In the Bag

by Debora M. Coty @DeboraCoty

“But Jonah ran away from the Lord.” Jonah 1:3 NIV

In my role as the preschool Bible Story Lady at church one Sunday, I told the story of Jonah and the big fish to the four-year-olds.

The hard part wasn’t bringing the bit about Jonah deliberately running away from God down to the their level: little people who still get their fannies smacked when they run away from adults. No. They got that all right.

The hard part was how to tell it so they’d understand that some grown-ups are silly enough to think they can hide from an all-knowing, all-seeing, all-powerful God. Not even a four-year-old would believe that.

So I asked how many of the children like to play hide-and-seek. Every hand went up.

“Have you ever picked a really bad hiding place like this one?” I put my hands over my eyes and said, “Okay. I’m hidden. I can’t see you so you can’t see me either, right?”

The kids laughed hysterically.

“Or how about this one?” I tried to squeeze my jumbo adult body behind an itty-bitty kiddie chair. “Can you see me now?”

They howled.

“Or maybe you’ve been here.” I returned to center stage, carefully unfolded a paper bag, plopped it over my head, and reached out with both hands – searching, groping, even becoming a little tearful as I fell to my knees.

“Did you leave me?” I called out in faux panic. “Oh no! I’m all alone in this cold, dark, horrible place. And I’m so scared! Won’t someone help me?”

No laughter this time. Something had resonated with those little people.

I hadn’t expected this. Silence, so thick you could cut it with a knife. I wasn’t sure what to do next.

The kids apparently identified with my aloneness, with Jonah in his disobedience. With all humankind when we choose to dig a hole of disrespect to our Creator, then lie in it, isolated … frightened … confused.

Suddenly a little voice piped up. A warm voice heavy with empathy. “It’s okay, Miss Debbie. We’re still here. Don’t be afraid. You’re not alone.”

And then I heard footsteps mounting the stage and felt a tiny hand take mine. Then dozens of small hands found me, surrounding me with comfort and hope.

There I was, kneeling on a stage with a brown paper bag over my head and a huge lump in my throat, swarmed by a horde of uninhibited children who understood what it felt like to be alone and afraid – and didn’t want it to happen to me.

I was incredibly moved.

Running from God is something we silly grown-ups do, isn’t it? We actually think that secret sin of ours is secret and an all-knowing, all-seeing, all-powerful God somehow doesn’t know about our hidden shame.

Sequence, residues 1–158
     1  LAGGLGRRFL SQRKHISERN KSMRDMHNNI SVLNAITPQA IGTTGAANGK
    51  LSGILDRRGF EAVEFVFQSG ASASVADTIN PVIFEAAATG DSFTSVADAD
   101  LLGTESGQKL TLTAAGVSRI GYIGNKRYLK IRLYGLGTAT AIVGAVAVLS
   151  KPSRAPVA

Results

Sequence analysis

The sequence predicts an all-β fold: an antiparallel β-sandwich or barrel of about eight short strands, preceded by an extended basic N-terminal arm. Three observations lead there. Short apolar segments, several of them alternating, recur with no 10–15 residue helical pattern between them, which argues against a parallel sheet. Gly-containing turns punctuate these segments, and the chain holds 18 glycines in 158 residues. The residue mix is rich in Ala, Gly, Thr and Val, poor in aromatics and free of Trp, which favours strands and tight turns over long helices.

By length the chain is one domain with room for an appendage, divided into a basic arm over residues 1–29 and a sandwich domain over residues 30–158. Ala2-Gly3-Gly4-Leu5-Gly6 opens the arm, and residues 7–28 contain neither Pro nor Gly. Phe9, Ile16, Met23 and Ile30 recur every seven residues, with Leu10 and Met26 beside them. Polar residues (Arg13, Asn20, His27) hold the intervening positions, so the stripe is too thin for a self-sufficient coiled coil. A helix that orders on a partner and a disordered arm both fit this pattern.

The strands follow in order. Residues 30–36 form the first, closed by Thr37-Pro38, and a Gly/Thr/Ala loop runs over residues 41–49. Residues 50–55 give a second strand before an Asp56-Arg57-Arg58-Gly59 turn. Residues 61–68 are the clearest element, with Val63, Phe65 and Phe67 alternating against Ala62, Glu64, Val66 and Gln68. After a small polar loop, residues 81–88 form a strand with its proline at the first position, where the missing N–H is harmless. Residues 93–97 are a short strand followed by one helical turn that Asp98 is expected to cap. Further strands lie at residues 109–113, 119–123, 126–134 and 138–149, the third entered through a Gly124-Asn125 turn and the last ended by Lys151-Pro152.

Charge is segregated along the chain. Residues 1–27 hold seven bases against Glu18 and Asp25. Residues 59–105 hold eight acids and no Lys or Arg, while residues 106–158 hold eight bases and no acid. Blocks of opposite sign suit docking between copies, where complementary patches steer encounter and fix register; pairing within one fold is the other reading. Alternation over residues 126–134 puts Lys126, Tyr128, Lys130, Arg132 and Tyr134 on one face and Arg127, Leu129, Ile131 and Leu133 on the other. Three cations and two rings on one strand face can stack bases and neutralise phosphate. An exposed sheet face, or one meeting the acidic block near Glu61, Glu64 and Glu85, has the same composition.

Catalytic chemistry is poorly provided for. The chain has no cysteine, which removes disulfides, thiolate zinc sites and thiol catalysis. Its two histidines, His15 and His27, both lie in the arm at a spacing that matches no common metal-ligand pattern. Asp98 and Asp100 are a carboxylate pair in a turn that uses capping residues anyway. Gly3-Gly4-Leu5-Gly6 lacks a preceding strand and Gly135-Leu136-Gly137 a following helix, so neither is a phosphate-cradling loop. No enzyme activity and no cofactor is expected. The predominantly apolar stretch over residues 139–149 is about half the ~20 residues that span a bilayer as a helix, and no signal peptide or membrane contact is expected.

So we isolate that part of ourselves and try to hide it in a cold, dark spiritual place that reeks like the innards of a gutted fish. We feel alone. And scared. Because our heavenly Father isn’t there.

But He is. He is. Like Jonah, we only have to call for help to be heard. “Then Jonah prayed to his God from the belly of the fish” (Jonah 2:1 MSG).

Then Papa God’s warm, comforting hands will reach out from the darkness, enveloping us in forgiveness, redemption, second chances … hope.

That flash of blindness with the preschoolers truly opened my eyes. It was one of those rare teachable moments of adulthood that knocks your well-ordered world off its axis and cracks open the door for a glimpse into a higher realm.

Maybe I should carry a head bag around with me all the time.

Now let your unfailing love comfort me, just as you promised me, your servant. Surround me with your tender mercies so I may live, for your instructions are my delight.” Psalm 119:76-77 NLT

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In the Bag – encouragement from @DeboraCoty on @AriseDailyDevo (Click to Tweet)

debora-coty-250x250About the author: Debora Coty is a speaker, columnist and award-winning author of 200+ articles and over 40 books, including the bestselling Too Blessed to be Stressed series, with over 1.2 million copies sold in multiple languages worldwide. Besides donning her floppy flowered hat as the Bible Story Lady, she enjoys teaching piano, mountain hiking, choco-scarfing, and playing tennis. Debora lives, loves and laughs in central Florida with her longsuffering husband and five feisty grands living nearby. Join Deb’s fun-loving community of BBFFs (Blessed Blog Friends Forever) at www.DeboraCoty.com.

Debora’s newest release, Too Blessed to be Stressed for Momsaddresses the heart needs of moms drowning in the churning stress-pool of busyness. In her beloved mom-to-mom, grin-provoking style, Coty offers empathy, laughs, real-life stories, practical parenting survival tips, and fresh biblical insights to help you hear Papa God’s still, small voice through life’s chaos.